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Games: The BIG Cynical Adventure, Yorg, The Hand of Glory, Possession, Space Grunts 2, Blender

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Gaming
  • Comedy adventure game "Demetrios: The BIG Cynical Adventure" is now available on GOG

    Another game goes completely DRM-free on GOG, with developer COWCAT putting up Demetrios: The BIG Cynical Adventure along with the Linux version.

  • FOSS racing game "Yorg" has a big new update ready for testing

    Yorg, an in-development FOSS racing game is nearing the release of update 0.11, with a Release Candidate now available for testing.

    In the style of the classics like Micro Machines, while early it's actually quite promising. The update notes for this are quite short and to the point, the developer said they will be going into some more detail when it's out properly for everyone.

  • Point & Click Adventure game "The Hand of Glory" confirmed for Linux

    Madit Entertainment are currently crowdfunding for their new Point & Click adventure game "The Hand of Glory", as it turns out they've confirmed Linux support too.

    Coming across it recently, it didn't actually list Linux support on the campaign itself. After speaking to the developer, they pointed me to this announcement that mentions "Our community has spoken and we listened! We did our tests and we can now confirm that we will be able to support Mac and Linux in the game!", so that's fantastic news. The developer told me they will be updating the campaign to list it too.

  • Possession, a roguelike where you're a ghost that needs to possess others to survive

    Certainly a fun sounding idea! Possession from developer Weirdfellows is a traditional turn-based roguelike, made on Linux and it just recently released. The whole idea reminds me of MidBoss, another excellent body-snatching roguelike.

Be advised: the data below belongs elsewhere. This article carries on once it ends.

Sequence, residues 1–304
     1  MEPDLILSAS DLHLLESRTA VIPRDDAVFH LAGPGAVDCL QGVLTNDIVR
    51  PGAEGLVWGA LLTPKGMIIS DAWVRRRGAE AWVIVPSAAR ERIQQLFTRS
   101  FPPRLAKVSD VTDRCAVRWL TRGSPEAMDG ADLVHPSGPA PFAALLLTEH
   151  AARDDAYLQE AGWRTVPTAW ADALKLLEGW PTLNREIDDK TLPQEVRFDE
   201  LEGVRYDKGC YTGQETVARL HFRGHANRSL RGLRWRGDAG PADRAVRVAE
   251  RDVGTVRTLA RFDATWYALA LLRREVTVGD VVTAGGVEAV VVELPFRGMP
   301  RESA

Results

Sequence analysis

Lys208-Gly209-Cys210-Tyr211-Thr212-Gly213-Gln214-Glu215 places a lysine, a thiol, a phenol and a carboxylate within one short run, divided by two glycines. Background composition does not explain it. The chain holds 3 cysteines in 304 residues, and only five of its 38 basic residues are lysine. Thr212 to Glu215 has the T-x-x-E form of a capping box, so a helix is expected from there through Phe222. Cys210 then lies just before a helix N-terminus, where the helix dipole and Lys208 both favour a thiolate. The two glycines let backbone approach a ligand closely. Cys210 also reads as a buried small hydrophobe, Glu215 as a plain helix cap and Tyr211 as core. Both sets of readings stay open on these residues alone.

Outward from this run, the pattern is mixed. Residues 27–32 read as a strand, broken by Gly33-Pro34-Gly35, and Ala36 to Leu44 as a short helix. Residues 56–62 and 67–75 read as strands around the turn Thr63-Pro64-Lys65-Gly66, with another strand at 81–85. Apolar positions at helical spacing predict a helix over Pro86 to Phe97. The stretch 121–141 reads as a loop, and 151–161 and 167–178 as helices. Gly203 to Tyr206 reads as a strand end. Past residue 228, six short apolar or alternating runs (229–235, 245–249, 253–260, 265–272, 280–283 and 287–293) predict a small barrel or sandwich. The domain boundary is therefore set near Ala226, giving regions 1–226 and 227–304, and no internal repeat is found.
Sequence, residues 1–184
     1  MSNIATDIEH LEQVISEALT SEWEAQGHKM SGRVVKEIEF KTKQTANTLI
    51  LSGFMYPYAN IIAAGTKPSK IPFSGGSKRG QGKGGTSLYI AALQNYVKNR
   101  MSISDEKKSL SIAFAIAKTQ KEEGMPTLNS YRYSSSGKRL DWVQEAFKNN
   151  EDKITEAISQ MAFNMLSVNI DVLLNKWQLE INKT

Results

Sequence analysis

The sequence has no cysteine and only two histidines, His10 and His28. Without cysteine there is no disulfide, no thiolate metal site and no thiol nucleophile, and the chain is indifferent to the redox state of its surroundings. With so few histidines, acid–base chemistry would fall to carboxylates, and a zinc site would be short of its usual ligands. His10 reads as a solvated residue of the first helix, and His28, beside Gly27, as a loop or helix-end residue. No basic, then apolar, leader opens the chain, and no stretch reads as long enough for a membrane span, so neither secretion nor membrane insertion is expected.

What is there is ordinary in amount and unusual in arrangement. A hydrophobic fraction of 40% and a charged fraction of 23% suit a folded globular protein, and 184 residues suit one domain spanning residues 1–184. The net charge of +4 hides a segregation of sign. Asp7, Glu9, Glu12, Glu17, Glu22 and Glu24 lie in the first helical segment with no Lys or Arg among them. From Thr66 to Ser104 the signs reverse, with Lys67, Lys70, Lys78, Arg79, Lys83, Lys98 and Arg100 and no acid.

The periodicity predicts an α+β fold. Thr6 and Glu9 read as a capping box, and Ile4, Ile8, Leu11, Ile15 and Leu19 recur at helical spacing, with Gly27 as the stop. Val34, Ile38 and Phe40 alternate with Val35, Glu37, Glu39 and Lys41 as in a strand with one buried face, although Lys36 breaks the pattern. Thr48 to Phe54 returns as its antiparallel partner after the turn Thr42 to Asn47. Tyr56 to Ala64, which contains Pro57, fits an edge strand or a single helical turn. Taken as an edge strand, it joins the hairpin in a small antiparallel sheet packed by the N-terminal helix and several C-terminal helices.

• Space Grunts 2 announced, fusing together fast turn-based gameplay with a card battle system

    Developer Orangepixel is working on another new game in addition to the upcoming Gunslugs:Rogue Tactics. Space Grunts 2 will be combining turn-based gameplay with a card-based battle mechanic.

    The original Space Grunts was actually quite a good game. It felt like a turn-based Nuclear Throne and after going back and playing some more today, I couldn't be happier to see another coming.

  • Ubisoft and Epic Games are now supporting Blender development

    Two surprising bits of news recently about Blender, the free and open source 3D creation suite as they've managed to secure some extra funding from two big names.

    Firstly, it was announced on July 15th that Epic Games awarded them $1.2 million from Epic's MegaGrants program. Quite an impressive number and good to see a company such as Epic support open source software in such a way. They don't get it all at once though, it will trickle in over the next three years, to help with Blender's "Professionalizing Blender Development Initiative".

More in Tux Machines

Security: Open Source Security Podcast, Screwed Drivers, and Voting Machines

  • Open Source Security Podcast: Episode 157 - Backdoors and snake oil in our cryptography

    Josh and Kurt talk about snakeoil cryptography at Black Hat and the new backdoored cryptography fight. Both of these problems will be with us for a very long time. These are fights worth fighting because it's the right thing to do.

  • Screwed Drivers – Signed, Sealed, Delivered

    Our analysis found that the problem of insecure drivers is widespread, affecting more than 40 drivers from at least 20 different vendors – including every major BIOS vendor, as well as hardware vendors like ASUS, Toshiba, NVIDIA, and Huawei. However, the widespread nature of these vulnerabilities highlights a more fundamental issue – all the vulnerable drivers we discovered have been certified by Microsoft. Since the presence of a vulnerable driver on a device can provide a user (or attacker) with improperly elevated privileges, we have engaged Microsoft to support solutions to better protect against this class of vulnerabilities, such as blacklisting known bad drivers.

  • Most states still aren’t set to audit paper ballots in 2020

    Despite some progress on voting security since 2016, most states in the US aren’t set to require an audit of paper ballots in the November 2020 election, according to a new report out this week from the Brennan Center for Justice.